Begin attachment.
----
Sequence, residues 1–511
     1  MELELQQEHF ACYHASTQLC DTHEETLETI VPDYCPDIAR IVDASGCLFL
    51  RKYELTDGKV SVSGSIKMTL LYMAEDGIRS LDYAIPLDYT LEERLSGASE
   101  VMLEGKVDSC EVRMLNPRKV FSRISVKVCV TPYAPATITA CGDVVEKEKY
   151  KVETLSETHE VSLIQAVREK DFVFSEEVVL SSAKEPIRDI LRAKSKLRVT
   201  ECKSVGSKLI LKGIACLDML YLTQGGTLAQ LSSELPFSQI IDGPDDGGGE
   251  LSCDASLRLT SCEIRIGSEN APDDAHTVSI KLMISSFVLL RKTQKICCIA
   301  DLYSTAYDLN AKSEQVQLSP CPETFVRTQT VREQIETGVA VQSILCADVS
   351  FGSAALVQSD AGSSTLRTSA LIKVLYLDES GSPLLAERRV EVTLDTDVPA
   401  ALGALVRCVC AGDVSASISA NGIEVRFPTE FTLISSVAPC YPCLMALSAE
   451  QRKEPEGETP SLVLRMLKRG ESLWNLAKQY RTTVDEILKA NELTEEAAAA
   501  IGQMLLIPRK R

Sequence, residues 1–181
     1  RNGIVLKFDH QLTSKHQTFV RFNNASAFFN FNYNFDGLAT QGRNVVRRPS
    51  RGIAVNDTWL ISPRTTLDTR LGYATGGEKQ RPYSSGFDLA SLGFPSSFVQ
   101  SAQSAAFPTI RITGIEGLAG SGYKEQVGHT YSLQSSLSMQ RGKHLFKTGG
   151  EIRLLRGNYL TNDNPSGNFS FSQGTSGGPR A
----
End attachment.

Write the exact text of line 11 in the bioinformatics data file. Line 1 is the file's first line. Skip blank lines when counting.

   451  QRKEPEGETP SLVLRMLKRG ESLWNLAKQY RTTVDEILKA NELTEEAAAA